Retractable BC Place roof won't retract

The new retractable roof at B.C. Place Stadium won't be able to retract in the rain or wind (Handout)

The new $458-million retractable roof at BC Place may be the largest upgrade of its kind in the world but it comes with one big limitation -- it won’t be able to open or close in the rain or wind.

Fans enjoying a football or soccer game will be covered rain or shine, but if it starts to pour during a game, the players will be out in the rain.

Howard Crosley, the General Manager of BC Place, said the roof was always designed to be that way. The roof includes fabric folds that could tear if water pooled in its crevices. The roof also will not be able to close in winds exceeding 60 kilometres an hour.

“That’s the nature of the style of roof that was selected,” he said.

During the selection process, Crosley said they considered two main options – this retractable roof and a replacement of the existing roof.

“The other version was a replacement that would have been cheaper than what we’ve done,” he said.

Crosley didn’t specify how much cheaper exactly.

But the old roof also had limitations. Fabric tears caused by rain and wind plagued the big dome, causing constant and costly repairs.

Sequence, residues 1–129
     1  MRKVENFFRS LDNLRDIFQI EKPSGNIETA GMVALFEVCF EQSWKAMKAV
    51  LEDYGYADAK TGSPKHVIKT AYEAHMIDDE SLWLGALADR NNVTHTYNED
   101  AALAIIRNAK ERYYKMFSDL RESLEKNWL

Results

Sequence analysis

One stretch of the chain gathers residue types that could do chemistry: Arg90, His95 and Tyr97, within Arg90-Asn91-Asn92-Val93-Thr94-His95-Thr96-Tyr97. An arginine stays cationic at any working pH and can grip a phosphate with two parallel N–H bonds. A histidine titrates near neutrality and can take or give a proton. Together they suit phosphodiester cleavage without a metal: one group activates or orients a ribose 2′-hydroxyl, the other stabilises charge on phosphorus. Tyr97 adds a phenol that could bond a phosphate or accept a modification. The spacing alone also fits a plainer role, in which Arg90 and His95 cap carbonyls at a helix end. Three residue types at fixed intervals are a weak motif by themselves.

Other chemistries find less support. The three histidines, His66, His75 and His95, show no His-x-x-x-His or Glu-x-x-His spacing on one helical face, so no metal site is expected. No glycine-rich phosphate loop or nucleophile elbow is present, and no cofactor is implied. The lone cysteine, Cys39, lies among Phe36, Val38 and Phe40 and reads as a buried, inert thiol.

Other stadiums such as Toronto’s Rogers Centre and Seattle’s Safeco Field have metal retractable roofs that do allow for retraction in rain and wind.

A roof similar to Safeco’s, which cost $67 million when it was built in 1999, was impossible at BC Place because the existing structure would not have supported a metal roof.

Crosley said that employees will monitor the weather and decide before each event whether to open or close the roof. He said it shouldn’t affect the BC Lions or the Whitecaps.

“When the Lions are on the road, most of the stadiums are open air. The Whitecaps have been playing in the elements for 24 years,” he said.

Crosley said the construction on the stadium, which is run by provincial government owned BC Pavillion Corporation, is on track for its estimated completion by late summer 2011.

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